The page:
Below is some data on soph PSAT results from the College Board Web site. You also ask about the best way for your son to improve. Well, one tried and true method is to to urge him to read, read, read. It's not too late to encourage him to turn off the TV and put down that joy stick and instead grab a book or even a newspaper or magazine. This won't help his math scores a lot, of course, but even math questions require some reading, and if he builds his overall academic confidence, he'll probably do better in everything he tackles.
In addition, while we're reluctant to admit it because the price tags are so high, professional coaching courses can make a difference. It may be more the confidence-building thing again rather than the "test-cracking" strategies that such programs often claim to provide, but they do seem to work for many kids. Of course, before shelling out any big bucks, ask around for suggestions on which test-prep outfit has the best reputation in your community. Princeton Review and Kaplan are the "Coke and Pepsi" of test preparation, but there may be other local options (less expensive ones, too) where you live. It's a buyer-beware situation. The success of the program is linked to the quality of the instructor, and that can vary widely.
Depending on your son's study habits and probably on family dynamics, you may be able to also do some test preparation on your own, using one of the many books or software packages available. The College Board and ACT folks both rack up plenty of profits by selling study aids that are geared to their own tests. If you do spring for home-study materials, make sure the ones you buy include complete practice tests along with explanations of the correct answers.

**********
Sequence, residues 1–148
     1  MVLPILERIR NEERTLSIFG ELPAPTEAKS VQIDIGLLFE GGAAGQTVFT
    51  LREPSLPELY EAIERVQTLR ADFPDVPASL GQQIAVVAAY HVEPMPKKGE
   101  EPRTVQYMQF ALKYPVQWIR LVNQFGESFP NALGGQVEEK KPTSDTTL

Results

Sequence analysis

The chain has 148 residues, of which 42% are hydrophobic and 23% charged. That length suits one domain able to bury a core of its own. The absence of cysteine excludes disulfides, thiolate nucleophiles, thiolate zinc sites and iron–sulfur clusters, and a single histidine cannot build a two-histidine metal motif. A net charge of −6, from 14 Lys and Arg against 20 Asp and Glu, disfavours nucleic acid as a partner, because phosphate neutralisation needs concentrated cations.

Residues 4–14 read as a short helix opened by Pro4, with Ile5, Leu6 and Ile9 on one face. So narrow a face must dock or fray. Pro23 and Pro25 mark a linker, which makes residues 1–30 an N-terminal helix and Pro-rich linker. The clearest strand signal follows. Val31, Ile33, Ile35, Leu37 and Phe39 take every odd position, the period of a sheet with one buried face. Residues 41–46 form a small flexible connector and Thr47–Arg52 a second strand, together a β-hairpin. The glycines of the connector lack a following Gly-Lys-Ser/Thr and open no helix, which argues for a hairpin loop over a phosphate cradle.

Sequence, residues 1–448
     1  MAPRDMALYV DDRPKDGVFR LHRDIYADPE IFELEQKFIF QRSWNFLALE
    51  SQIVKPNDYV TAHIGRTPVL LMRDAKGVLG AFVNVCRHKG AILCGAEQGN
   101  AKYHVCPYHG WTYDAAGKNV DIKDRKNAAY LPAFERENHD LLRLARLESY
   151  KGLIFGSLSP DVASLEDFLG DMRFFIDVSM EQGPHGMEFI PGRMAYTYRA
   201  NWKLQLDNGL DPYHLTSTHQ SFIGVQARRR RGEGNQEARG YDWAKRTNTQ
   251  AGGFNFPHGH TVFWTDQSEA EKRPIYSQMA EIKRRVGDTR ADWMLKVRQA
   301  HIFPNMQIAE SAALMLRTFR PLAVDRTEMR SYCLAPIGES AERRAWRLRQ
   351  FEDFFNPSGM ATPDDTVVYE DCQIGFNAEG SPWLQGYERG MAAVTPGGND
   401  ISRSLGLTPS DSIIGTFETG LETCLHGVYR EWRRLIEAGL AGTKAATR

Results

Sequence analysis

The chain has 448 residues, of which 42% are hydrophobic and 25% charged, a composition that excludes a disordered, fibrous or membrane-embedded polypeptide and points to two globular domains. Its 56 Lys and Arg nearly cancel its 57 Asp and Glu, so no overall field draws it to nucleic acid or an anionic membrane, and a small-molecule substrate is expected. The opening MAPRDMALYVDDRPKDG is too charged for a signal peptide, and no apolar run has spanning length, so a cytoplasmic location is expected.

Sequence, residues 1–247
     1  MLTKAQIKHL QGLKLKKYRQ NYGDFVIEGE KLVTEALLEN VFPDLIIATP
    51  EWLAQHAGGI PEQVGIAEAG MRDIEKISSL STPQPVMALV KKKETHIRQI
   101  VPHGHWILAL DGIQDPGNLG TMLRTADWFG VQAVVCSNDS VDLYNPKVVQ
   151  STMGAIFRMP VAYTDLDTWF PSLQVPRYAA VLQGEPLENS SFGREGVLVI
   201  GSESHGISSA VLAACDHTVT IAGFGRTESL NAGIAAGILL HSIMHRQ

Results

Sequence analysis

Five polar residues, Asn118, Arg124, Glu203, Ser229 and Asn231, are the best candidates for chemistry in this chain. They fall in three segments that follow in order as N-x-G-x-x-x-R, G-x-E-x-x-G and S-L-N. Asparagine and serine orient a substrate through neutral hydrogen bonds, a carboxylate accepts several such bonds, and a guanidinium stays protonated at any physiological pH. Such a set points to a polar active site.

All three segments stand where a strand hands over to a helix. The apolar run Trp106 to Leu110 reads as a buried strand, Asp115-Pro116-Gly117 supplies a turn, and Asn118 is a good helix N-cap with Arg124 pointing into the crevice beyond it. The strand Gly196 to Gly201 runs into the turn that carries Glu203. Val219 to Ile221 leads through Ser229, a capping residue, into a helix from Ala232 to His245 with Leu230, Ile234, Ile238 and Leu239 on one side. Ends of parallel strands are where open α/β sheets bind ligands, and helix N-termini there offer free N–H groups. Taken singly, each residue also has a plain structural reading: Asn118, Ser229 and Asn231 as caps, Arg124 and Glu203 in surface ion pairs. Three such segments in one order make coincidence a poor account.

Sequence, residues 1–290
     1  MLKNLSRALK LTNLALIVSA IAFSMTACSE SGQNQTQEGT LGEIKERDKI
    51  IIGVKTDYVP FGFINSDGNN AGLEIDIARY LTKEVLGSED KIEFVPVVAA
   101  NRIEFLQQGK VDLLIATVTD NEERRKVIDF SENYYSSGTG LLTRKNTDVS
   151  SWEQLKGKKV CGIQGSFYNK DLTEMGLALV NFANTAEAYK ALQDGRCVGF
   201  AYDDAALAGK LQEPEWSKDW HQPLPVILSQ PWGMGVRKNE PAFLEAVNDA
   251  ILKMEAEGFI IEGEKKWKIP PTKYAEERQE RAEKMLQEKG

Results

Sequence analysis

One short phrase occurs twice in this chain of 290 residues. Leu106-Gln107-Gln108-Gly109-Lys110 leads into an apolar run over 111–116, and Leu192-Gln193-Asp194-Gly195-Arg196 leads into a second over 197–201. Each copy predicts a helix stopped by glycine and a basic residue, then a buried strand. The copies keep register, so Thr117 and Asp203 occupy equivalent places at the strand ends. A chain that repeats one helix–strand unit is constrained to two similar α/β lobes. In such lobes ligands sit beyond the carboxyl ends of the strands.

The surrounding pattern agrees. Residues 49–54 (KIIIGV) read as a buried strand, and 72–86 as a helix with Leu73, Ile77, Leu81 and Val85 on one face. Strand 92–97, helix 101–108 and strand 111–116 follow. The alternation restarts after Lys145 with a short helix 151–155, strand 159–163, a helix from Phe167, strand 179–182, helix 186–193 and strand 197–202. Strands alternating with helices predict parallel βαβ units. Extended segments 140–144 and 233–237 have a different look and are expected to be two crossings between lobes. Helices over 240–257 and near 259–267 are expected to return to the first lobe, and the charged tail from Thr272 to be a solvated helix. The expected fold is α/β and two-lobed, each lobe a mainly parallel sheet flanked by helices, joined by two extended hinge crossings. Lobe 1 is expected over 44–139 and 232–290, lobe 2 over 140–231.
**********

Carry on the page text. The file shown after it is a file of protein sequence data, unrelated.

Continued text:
As you forge ahead, however, you need to weigh the value of promoting test preparation with the amount of stress it will put on your son. Some kids are simply not good testers, and you don't want to make him feel that he's let you down if his scores aren't up to snuff. There are plenty of great colleges that aren't as score-oriented as the Ivies and their equivalents, and a growing number of top colleges don't require standardized tests at all.
and there is a state-by-state report on soph statistics from 2002 at
Highlights of 2002 Sophomore Data
54.4% of sophomores who took the PSAT/NMSQT were female.
Of those noting racial/ethnic background, 37.2% of sophomores indicated a category other than "white."
Sophomore average scores for 2002 (with comparison to 2001 data):
Verbal: 44.4 (0.7 decrease)
Math: 45.5 (no change)
Writing Skills: 45.9 (0.3 decrease)
By way of comparison, the Junior average scores for 2002 (with comparison to 2001 data):
Verbal: 48.0 (0.3 decrease)
Math: 49.2 (0.2 increase)
Writing Skills: 48.8 (0.1 decrease)
We couldn't locate any information on the current 10th-grade class (your son's) but the numbers are probably comparable.
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